About the Book:
Charlie the Tramp was originally published in 1966, and this special hardcover edition is the 50th anniversary edition of the book. Written by author Russell Hoban and illustrated by Lillian Hoban, it was the winner of the 1968 Boys Club of America Junior Book Award. It is 48 pages long and written for ages 3-8.
Charlie the Beaver wants to be a tramp when he grows up. “Tramps don’t have to learn how to chop down trees and how to roll logs and how to build dams. Tramps just tramp around and have a good time. Tramps carry sticks with little bundles tied to them. They sleep in a field when the weather is nice, and when it rains they sleep in a barn.” Charlie sets off with his bundle. But when he hears water trickling, he can’t get to sleep. Will he be able to resist the urge to make it stop? As Grandfather Beaver says, “You never know when a tramp will turn out to be a beaver.”
About the Author and Illustrator:
Russell Hoban (1925-2011) first became famous for his children’s picture books about a badger named Frances and other animal characters that have a lot in common with children we know – bedtime for Frances, A Baby Sister for Frances, Bread and Jam for Frances, and Emmit Otter’s Jug-band Christmas.
Lillian Hoban (1925-1998), one of America’s favorite children’s book illustrators, is best known for a young chimpanzee named Arthur and his little sister, Violet. She also illustrated six of Russell Hoban’s books about Frances the badger, which have taken their place among the great classics of children’s literature. Lillian Hoban was born in Philadelphia and attended the Philadelphia Museum School of Art. She studied dance for ten years and became a professional dancer. She began to write and illustrate her own stories only after having children, basing her tales on their experiences.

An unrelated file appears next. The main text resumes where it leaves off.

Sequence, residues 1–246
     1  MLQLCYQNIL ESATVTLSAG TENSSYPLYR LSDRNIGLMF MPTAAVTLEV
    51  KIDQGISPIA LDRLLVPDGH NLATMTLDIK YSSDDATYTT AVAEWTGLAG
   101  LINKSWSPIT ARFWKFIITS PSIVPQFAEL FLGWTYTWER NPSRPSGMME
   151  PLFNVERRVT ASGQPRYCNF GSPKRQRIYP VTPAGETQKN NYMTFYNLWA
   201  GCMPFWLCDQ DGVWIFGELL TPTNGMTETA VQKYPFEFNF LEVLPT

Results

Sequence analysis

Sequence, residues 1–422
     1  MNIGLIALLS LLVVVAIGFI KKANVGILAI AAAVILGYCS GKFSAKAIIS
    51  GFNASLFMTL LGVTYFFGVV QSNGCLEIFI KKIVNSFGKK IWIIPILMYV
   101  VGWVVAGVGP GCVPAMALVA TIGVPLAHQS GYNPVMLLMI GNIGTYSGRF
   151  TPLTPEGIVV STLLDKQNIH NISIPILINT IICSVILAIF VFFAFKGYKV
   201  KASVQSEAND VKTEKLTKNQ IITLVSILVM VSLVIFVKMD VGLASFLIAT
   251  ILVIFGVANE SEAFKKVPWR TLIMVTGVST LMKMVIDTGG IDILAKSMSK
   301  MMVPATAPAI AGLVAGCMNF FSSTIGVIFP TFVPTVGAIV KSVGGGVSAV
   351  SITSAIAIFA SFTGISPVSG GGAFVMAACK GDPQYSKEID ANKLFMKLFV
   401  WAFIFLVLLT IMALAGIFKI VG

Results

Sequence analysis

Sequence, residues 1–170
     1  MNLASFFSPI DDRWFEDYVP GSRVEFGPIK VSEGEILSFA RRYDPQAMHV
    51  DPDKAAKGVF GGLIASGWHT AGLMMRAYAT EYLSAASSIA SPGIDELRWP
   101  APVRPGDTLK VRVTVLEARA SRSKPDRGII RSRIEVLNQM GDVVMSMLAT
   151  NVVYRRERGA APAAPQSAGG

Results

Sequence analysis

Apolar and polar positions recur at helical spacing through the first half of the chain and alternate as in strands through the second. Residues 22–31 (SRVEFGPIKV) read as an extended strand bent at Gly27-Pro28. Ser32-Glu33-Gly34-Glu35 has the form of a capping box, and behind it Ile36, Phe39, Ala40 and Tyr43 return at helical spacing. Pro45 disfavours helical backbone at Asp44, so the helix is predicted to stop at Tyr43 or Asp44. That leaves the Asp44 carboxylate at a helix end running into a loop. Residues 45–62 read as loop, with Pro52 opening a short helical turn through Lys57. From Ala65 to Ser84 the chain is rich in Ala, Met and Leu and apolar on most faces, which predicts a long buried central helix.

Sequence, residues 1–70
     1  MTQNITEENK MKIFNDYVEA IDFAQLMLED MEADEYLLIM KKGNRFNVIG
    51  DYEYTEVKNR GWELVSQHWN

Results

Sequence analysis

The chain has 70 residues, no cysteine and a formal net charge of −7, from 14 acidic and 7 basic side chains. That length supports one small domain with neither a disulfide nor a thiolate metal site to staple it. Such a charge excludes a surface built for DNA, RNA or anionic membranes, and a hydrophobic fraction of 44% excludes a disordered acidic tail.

What I Thought: Charlie the Tramp is an adorable story from many years ago. It reminded me of the books I read as a child, so different from modern children's books. When I saw the length of the book and that the pictures were all black and white, I was thinking my grandson, age 5, would not last through the entire story. I was wrong! He really enjoyed the cute story, and later on asked my 14-year-old son to read it to him again. My teenage son told me it was a cute and funny story too!
I enjoyed the moral of the story-let children stretch their wings and find their own way, but if they were guided correctly they will eventually come back to what they were meant to do. The only thing I could see some viewing negatively are the gender stereotypes (think 50 years ago). Even with that, it is an adorable story with sweet illustrations that would appeal to children.
To learn more about Charlie the Tramp and purchase your own copy, visit this website: http://www.plough.com/en/topics/culture/short-stories/charlie-the-tramp
You can also purchase the book at Amazon.
I have one copy of Charlie the Tramp to give away. To enter, comment below with your favorite book when you were a child. Make sure to leave your email address, as the winner will be contacted by email. Contest ends 12/11. See additional restrictions below.
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